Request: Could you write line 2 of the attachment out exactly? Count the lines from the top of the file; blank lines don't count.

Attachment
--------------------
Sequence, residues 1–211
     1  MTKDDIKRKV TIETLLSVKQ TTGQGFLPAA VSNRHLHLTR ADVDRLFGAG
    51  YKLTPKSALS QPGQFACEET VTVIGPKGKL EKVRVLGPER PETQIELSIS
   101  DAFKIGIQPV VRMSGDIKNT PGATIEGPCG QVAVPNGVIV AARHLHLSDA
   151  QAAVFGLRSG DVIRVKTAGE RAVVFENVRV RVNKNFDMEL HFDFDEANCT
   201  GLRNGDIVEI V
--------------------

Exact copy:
     1  MTKDDIKRKV TIETLLSVKQ TTGQGFLPAA VSNRHLHLTR ADVDRLFGAG